Patients and methods

In the study we included 142 patients with different hematological malignancies allografted between October 2002 and October 2008. The chimerism status was assessed by analyzing short tandem repeat polymorphisms.

Results

Overall survival in patients with complete donor chimerism on day +28 after allo-HSCT was 55% and 17% in patients with mixed chimerism or an absence of chimerism on the same day (p=0.0124). Similar results were observed by analyzing chimerism on day +60 following allo-HSCT. There were no significant differences in overall survival depending on chimerism value on day +28 and +60 in patients with myeloablative and nonmyeloablative conditioning regimen.

Of the patients with mixed chimerism or an absence of chimerism on day +28 after allo-HSCT, 67% had disease relapse, while 33% remained in remission (p=0.023).

Conclusions

Complete donor chimerism on day +28 and day +60 after allo-HSCT is associated with better prognosis. Mixed chimerism at day +28 after allo-HSCT is associated with an increased risk of relapse.

Keywords

chimerism, allo-HSCT, relapse, outcome

A. Leukemia treatment

Thymoglobulin and ATGAM for prevention of posttransplant complications after HLA-mismatched allogeneic SCT

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Yury R. Zalyalov, Abdulbasir A. Ganapiev, Boris V. Afanasyev

Memorial R. M. Gorbacheva Institute of Children Hematology and Transplantation, St. Petersburg Pavlov State Medical University,
St. Petersburg, Russia


Correspondence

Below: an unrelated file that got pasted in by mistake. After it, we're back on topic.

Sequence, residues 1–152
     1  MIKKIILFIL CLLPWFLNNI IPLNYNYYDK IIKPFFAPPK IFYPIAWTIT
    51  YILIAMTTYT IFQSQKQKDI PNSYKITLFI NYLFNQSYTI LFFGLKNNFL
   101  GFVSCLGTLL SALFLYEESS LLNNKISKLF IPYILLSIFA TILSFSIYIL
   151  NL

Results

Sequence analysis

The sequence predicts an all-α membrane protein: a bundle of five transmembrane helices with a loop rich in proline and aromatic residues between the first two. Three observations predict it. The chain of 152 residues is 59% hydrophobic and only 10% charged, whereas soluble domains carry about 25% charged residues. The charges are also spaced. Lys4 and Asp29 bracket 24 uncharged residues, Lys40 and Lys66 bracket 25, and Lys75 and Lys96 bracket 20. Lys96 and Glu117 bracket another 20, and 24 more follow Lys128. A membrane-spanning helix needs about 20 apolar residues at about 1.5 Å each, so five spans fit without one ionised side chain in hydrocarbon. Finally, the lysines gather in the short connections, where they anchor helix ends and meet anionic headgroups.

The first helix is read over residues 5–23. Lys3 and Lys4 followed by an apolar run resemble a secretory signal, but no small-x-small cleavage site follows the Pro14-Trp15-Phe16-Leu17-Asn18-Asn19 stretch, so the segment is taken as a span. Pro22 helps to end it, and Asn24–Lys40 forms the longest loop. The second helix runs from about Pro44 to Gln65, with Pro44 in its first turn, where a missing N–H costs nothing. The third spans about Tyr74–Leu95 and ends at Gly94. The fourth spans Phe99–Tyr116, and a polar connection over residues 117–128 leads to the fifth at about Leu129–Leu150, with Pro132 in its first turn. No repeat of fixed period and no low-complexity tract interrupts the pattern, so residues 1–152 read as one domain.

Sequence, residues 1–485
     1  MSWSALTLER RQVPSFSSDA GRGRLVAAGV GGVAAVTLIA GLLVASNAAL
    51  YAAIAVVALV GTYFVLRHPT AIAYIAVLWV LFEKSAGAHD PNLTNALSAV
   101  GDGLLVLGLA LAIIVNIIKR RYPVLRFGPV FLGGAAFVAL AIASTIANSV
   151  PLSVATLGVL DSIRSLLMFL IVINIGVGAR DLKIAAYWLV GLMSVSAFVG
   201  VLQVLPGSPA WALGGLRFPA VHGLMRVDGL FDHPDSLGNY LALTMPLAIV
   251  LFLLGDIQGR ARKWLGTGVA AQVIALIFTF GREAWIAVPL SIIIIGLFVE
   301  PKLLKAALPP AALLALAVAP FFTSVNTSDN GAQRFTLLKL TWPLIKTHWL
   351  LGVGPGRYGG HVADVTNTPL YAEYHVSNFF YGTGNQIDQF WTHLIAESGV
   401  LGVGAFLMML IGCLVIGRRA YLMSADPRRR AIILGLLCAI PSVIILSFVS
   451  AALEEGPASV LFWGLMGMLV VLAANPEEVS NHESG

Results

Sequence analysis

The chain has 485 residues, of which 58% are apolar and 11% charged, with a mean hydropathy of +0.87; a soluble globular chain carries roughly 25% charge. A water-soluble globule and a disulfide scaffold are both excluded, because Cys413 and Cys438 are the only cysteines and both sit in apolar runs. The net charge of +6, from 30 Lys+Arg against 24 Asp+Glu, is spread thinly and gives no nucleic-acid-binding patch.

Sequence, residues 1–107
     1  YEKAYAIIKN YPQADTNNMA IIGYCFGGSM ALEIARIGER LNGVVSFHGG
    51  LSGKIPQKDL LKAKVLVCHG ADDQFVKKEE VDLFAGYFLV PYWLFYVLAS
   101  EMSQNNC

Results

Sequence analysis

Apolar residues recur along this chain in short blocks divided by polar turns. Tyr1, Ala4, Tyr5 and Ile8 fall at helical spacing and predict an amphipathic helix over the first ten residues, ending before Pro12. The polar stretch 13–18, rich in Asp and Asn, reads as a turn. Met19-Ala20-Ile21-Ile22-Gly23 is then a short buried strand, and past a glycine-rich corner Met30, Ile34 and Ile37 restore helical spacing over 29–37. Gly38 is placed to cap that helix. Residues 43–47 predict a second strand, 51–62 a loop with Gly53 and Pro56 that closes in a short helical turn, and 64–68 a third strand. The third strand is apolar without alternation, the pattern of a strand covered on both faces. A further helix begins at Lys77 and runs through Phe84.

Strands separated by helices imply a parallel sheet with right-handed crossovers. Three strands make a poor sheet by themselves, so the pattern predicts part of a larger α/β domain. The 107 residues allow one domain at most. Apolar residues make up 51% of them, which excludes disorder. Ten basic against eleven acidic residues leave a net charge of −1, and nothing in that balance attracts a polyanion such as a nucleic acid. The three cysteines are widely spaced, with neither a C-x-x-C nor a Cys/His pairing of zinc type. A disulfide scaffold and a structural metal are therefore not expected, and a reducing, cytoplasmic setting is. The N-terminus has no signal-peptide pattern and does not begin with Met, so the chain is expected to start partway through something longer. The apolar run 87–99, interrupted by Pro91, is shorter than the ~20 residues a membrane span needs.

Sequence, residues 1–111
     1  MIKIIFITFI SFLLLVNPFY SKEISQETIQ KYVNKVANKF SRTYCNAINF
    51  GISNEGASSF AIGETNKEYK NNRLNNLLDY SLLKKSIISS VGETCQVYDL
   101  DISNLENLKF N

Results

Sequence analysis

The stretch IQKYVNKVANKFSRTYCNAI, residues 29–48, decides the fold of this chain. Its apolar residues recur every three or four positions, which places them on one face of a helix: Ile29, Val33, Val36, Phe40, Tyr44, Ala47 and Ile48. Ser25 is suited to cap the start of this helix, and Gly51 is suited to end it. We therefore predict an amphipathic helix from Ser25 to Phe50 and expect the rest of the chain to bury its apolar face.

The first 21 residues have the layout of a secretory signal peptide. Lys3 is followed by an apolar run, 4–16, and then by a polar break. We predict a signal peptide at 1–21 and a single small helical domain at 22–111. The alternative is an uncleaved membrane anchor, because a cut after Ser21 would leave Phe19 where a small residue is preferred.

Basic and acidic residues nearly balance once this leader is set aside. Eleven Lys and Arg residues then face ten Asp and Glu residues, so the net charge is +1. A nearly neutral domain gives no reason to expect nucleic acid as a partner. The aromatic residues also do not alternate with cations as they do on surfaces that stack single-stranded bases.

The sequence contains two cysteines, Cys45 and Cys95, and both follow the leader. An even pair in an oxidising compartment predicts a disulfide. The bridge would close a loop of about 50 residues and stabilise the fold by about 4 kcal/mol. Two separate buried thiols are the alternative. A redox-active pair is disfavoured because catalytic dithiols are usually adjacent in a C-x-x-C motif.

Memorial R. M. Gorbacheva Institute of Children Hematology and Transplantation, St. Petersburg Pavlov State Medical University, 6/8, Tolstoy str., St. Petersburg, 199044, Russia
E-mail: yz21@mail.ru

Allogeneic stem cell transplantation (allo-SCT) is an important therapeutical approach for patients with different malignant and non–malignant disorders. However, the failure to find a proper donor match for all recipients restricts the procedure in most cases due to higher graft-versus-host disease (GVHD) rates. Currently, reports comparing the clinical efficacy of different antithymocyte globulin (ATG) brands regarding their post–transplant prophylaxis value after allo-SCT from HLA-mismatched donors are limited. In this report we have evaluated the outcomes of 24 patients with different hematological malignancies who underwent unrelated SCTs during a period from 2005 to 2008.

The patients’ median age was 15 years (range, 1–48). All transplants had been performed with unrelated grafts carrying one or more mismatches in HLA-А, -В, -С, -DRB1, -DQB1 loci. The post–transplant prophylactic regimens were based on a combination of either cyclosporine A with methotrexate or CellCept with tacrolimus. All transplanted patients received peripheral blood stem cells as stem cell source. The median CD34+ cell dose was 6.6 х106/kg bw (range, 1–18). Myeloablative and nonmyeloablative preparative conditioning had been used in 37% and 63% of all transplants, respectively. Depending on the brand of ATG being used, all patients were subdivided in two groups. The first group (n=7) received thymoglobulin (cum. dose 7.5 mg/kg), while the second group (n=17) ATGAM (cum. dose 60 mg/kg). Both groups were comparable concerning the sex and AB0–blood group mismatch between donor and recipient. 

Neutrophil engraftment rates were similar in both groups: day +15 (range, 13–25) in the thymoglobulin group and day +16 (range, 11–22) in the ATGAM group. All the patients had been successfully engrafted. The trend towards lower acute GVHD II–IV rate had been more noticeably observed in the thymoglobulin group compared to the ATGAM group (28% vs. 70%; p=0.06). The risk of extensive chronic GVHD was also lower in the thymoglobulin group (28% vs. 78%; p=0.05). Overall survival for 1 year (71% vs. 47%; p=0.6) and 1-year TRM (15% vs. 48%; p=0.2) seemed to be better in patients who received thymoglobulin.

In conclusion, our study suggests that the use of thymoglobulin as a post–transplant prophylaxis could be associated with lower acute and/or chronic GVHD rates as well as with better outcomes in recipients of allo-SCT from mismatched unrelated donors as compared to ATGAM.

Keywords

GVHD, thymoglobulin, ATGAM, allo-SCT